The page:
By John Gray
For the past 11 years, healthcare had the highest cost of data breaches out of any industry. In fact, this data theft averaged $9.2 million in 2021.
Ransomware, which aims to steal data that is financially valuable, can cost businesses an average of $4.6 million. And that doesn’t even include the ransom. From notifying medical system users to spending time to fix the problem to tarnishing an organization’s reputation, exposing sensitive medical information has heavy consequences for the healthcare industry.
A proper defense for ransomware needs to include an all-encompassing strategy, leading organizations from preventative measures to recovery and restoration. Ransomware Protection as a Service(™) (RPaaS(™)) provides healthcare systems with protection, detection and recovery strategies to keeps operations running and most importantly, avoids paying the ransom.
Taking a proactive approach
Too often, organizations have recovery strategies but lack preventative ransomware strategies. According to InterVision’s Pulse survey, nearly half (46%) of IT decision-makers prioritize ransomware recovery strategies over preventative measures.
Recovery is just one part of ransomware protection, especially as medical information evolves to become more electronic and telehealth grows in popularity. Cybercriminals target the healthcare industry with its regulated, sensitive and many times life-dependent data as one of the most valuable data targets. In fact, Personal Health Information can be worth almost twenty times more than a credit card.
Healthcare systems need to shift their mindsets and prepare for when — not if — they will fall victim to a ransomware attack. Stopping a threat before it infiltrates IT systems should be the first step to ransomware protection. Working with a partner to implement RPaaS can prevent healthcare organizations from becoming one of the 148 healthcare organizations that suffered a ransomware attack in 2021.
Implementing an all-encompassing strategy
Healthcare groups need peace of mind that their patients and their PHI data will be safe. The last thing a patient should worry about is threats to their health providers’ IT systems. Enabling RPaaS focuses on three components: protection, detection and recovery. Taking a look at each component individually reveals an all-encompassing strategy for keeping systems secure from ransomware threats.
Putting an emphasis on protection efforts makes it easier for companies to handle ransomware attacks. Protection is implemented in two areas: security monitoring and end-user education. Many internal IT teams are already overwhelmed by their daily activities. To contend with scant resources, health systems can partner with a vendor who continuously monitors threats with advanced tools like security information and event management (SIEM) and endpoint detection and response (EDR), both of which identify and contain threats to provide protection and detection. These solutions monitor malware threats 24/7 and are typical offerings from a good Security Operations Center as a Service (SOCaaS) provider.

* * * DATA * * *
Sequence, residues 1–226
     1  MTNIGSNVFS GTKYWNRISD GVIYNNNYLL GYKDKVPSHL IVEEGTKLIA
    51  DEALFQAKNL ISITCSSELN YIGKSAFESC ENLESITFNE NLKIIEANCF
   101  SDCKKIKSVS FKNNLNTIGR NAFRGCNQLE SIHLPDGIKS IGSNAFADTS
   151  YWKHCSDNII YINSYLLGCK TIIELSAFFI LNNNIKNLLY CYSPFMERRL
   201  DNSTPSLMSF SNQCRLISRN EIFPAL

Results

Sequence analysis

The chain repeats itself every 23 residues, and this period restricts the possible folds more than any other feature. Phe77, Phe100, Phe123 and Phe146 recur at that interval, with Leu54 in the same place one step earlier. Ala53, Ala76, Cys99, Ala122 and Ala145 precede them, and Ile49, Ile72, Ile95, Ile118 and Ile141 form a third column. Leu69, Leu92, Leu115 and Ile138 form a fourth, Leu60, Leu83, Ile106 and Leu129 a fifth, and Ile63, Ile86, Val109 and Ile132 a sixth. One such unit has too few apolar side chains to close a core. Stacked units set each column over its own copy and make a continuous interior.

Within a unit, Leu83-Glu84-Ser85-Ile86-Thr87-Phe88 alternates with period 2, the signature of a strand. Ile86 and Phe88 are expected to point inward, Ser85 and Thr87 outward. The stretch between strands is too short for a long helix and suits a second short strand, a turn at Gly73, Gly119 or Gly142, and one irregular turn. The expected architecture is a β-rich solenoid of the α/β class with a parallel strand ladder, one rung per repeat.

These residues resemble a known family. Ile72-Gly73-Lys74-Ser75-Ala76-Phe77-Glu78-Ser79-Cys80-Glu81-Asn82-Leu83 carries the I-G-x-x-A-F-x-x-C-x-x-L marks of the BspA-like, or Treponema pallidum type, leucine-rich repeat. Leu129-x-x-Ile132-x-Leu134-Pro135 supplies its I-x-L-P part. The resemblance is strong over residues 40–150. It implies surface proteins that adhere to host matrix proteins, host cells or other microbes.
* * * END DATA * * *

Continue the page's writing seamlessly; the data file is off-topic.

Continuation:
The other facet of protection is educating employees on proper cybersecurity practices. Tools can protect companies up to a point, but teaching employees what to do to avoid a potential breach will have long-term benefits. Stopping even one employee from opening a phishing email can ease the stress on RPaaS and avoid going into the recovery phases.
Once preventative measures are put in place, the RPaaS team is there to seek out any potential threats that might have passed through. Endpoint detection and response (EDR) monitors the data from the devices on an organization’s network. Any computers, phones and even electronic health records could be pathways for bad actors to breach data. If this happens, monitoring tools can quickly stop the incident from spreading to any other system.
IBM calculated that it took an average of 75 days to contain a data breach, and that was only once it was discovered — after an average of 212 days. Healthcare organizations can’t afford this downtime. Even with preventative measures, teams must acknowledge that some threats will infiltrate the system. In other words, they must have a recovery plan. Recovering from a breach involves steps ahead of time to prepare. In RPaaS, two other services are involved in this stage: Disaster Recovery as a Service (DRaaS) and Backup as a Service (BaaS).
Having RPaaS can protect systems and detect threats ahead of time, decreasing downtime. Updating backups ahead of time will also allow healthcare organizations to continue working, even with ransomware trapping data. The more an organization is prepared for an attack, the smoother the recovery process will be.
With valuable data and resources, healthcare organizations will always be a big target for attackers. Working with a trusted RPaaS partner promises a comprehensive approach to ransomware protection that can save money, protect sensitive data and enable business continuity.
About the Author
John Gray is CTO of InterVision, a company that, as a leading strategic services provider, delivers and supports complex IT solutions for mid-to-enterprise and public sector organizations. For 25 years, the company has guided clients through any stage of their technology journeys, using one of the most comprehensive product portfolios of managed IT service offerings available.